One of the biggest differences between low and high-quality sushi rolls are the texture and consistency of the rice. Low-quality sushi rolls typically fall apart because the rice isn’t sticky enough to hold the roll together, while high-quality rolls remain firm and solid due to extra-sticky sushi rice.
So, how do you make sticky sushi rice?
To make sushi rice sticky, you’ll need to start with short-grain rice, as it releases more starch that holds the grains together. Additionally, you’ll need to use a combination of steam cooking along with rice vinegar to achieve the stickiest sushi rice possible.
Making the ultimate sticky sushi rice may seem complicated, but it’s actually quite simple. You just have to follow the instructions closely, and not skip a single step! Below, I’ll show you my step-by-step process for making some of the stickiest, best-tasting sushi rice. Let’s roll!
What Makes Sushi Rice Sticky?
Before I get into my step-by-step guide for making extra-sticky sushi rice, I figured that I may as well explain exactly what makes sushi rice “sticky” so that you better understand the steps below.
In short, it all has to do with starch. Starch is contained in all rice but is higher in certain types of rice. The more starches that the rice releases during cooking, the stickier it will be. Once you have a high-starch rice variety, the key to making sticky rice is to use a cooking process that causes the rice to release as much starch as possible, causing it all to clump together.
Below, I’ll show you just how to do that.
How To Make Sushi Rice Sticky: Step-By-Step
If you follow these step-by-step instructions, I guarantee that you’ll have some of the best restaurant-grade sticky sushi rice you’ve ever had. You can then use it to make your own sushi rolls or neat sashimi-style sushi.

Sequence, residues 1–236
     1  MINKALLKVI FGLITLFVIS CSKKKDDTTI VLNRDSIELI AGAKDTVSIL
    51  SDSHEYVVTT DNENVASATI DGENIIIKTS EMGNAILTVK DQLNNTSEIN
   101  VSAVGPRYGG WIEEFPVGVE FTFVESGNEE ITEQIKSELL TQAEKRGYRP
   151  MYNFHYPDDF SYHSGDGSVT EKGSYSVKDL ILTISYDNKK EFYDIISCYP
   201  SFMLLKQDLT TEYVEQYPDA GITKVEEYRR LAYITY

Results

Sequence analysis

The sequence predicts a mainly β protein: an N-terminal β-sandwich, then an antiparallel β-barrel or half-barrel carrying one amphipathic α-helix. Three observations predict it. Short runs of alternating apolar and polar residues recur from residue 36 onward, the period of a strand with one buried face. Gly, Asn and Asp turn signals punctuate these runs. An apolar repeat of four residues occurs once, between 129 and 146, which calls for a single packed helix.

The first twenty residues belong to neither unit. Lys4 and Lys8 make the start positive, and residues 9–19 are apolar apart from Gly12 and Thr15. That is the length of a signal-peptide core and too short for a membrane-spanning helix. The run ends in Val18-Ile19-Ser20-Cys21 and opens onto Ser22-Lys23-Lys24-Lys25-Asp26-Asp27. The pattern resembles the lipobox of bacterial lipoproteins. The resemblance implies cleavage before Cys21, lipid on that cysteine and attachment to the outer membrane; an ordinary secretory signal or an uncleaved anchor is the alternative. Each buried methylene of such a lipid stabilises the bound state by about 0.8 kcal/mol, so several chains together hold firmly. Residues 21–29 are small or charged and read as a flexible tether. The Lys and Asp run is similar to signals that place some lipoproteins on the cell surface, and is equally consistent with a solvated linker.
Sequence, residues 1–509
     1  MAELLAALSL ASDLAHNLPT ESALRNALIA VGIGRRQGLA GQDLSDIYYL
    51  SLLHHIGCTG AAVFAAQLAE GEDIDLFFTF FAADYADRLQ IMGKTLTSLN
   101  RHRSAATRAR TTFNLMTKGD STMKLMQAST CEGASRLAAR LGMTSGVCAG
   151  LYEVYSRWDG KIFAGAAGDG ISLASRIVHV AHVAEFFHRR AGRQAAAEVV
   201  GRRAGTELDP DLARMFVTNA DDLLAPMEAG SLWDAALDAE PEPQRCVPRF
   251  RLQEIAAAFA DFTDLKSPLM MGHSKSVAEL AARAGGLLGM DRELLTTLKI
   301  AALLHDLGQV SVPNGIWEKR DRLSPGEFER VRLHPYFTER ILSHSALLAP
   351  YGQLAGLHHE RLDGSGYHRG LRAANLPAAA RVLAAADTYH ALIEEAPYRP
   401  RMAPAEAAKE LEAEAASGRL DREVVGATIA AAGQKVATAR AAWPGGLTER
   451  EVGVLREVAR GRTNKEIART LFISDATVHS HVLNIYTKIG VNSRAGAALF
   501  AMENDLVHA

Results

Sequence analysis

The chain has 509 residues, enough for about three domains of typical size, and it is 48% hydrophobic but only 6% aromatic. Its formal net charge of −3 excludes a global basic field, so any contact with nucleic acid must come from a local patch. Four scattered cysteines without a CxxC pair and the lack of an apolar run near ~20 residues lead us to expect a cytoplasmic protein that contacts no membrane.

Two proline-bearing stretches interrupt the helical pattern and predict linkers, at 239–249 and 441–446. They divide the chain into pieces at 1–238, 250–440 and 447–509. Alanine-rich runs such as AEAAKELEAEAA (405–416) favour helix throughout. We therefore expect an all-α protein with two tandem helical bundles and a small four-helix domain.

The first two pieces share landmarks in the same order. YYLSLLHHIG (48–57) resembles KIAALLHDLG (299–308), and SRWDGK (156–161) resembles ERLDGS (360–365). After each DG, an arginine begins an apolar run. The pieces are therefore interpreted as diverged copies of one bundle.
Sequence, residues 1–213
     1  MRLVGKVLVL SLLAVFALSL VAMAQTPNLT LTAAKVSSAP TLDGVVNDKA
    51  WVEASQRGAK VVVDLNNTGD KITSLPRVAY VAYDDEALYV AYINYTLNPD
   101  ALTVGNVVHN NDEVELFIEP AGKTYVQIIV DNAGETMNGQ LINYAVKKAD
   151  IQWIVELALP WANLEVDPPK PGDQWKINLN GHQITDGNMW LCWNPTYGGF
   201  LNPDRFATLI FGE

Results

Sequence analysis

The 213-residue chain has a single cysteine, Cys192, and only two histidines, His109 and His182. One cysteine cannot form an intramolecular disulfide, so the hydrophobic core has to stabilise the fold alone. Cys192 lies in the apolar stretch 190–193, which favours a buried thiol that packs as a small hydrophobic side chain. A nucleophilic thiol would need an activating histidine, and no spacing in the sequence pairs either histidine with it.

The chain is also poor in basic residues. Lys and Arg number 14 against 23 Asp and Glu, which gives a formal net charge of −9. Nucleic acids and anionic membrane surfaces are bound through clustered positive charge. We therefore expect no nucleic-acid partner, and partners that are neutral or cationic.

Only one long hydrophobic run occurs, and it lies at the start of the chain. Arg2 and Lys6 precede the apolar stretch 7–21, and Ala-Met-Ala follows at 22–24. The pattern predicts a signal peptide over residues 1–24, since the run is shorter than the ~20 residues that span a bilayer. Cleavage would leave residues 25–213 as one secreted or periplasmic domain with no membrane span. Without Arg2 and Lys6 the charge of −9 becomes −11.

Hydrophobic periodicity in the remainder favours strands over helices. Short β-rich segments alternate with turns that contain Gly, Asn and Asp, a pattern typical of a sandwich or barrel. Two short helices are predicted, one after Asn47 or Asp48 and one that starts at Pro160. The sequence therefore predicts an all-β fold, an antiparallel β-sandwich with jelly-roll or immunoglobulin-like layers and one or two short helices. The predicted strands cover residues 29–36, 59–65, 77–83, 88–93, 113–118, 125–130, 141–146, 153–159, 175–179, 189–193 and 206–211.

Step 1: Start With High-Quality Short-Grain Rice
As I mentioned, the key to sticky rice is to use the right type of rice. Short-grain white rice has higher starch content than any other type of rice on the market. Medium and long-grain white rice don’t release as much starch as short-grain rice, so they aren’t recommended. You should be able to find short-grain white sushi rice at your local Asian supermarket or grocery store.
Step 2: Soak The Rice (The Longer The Better)
This is an important step that most people neglect because they’re in a rush. While it is possible to make moderately sticky rice without pre-soaking the rice, you’ll want to soak the rice in filtered water for between 4 and 10 hours for maximum starch release.
The longer you soak the rice, the more the starches in the rice will begin to soften, break down, and be released. This means that once the cooking process starts, the rice will achieve maximum starchiness, allowing it to stick together perfectly.
If you’re in a rush, try to soak the rice for around 4 hours before you plan on cooking it. If possible, though, soak it overnight for a solid 8 to 10 hours.
Step 3: Steam The Rice
To make sticky rice, it’s essential that you steam the rice. Do NOT boil the rice, as this will wash away the starchy coating on the rice, preventing it from sticking together. To make the best sushi rice, I always recommend that people cook their rice with a rice cooker. These simple devices allow you to place water at the bottom, which is then evaporated into a basket where your rice is resting.
Step 4: Add Rice Vinegar
Once the rice is finished steaming in the rice cooker, you’ll want to add around 1.5 tablespoons of rice vinegar per 1 cup of rice. The rice vinegar is primarily used to flavor the sushi rice, but it also helps the rice clump together and become even stickier.
How Long Is Sushi Rice Good For?
Sushi rice can be kept at room temperature for around 5 hours after it’s finished cooking. It’s best to use it during this time period, as it can start to lose its freshness afterward. If you have leftovers, then you can store your sushi rice in an airtight container for up to 24 hours in the refrigerator.
However, the longer it sits in the fridge, the less sticky it will become. If it sits for more than 24 hours, your best bet is to use it for a soup or a hibachi-style dish since it will have lost most of its stickiness.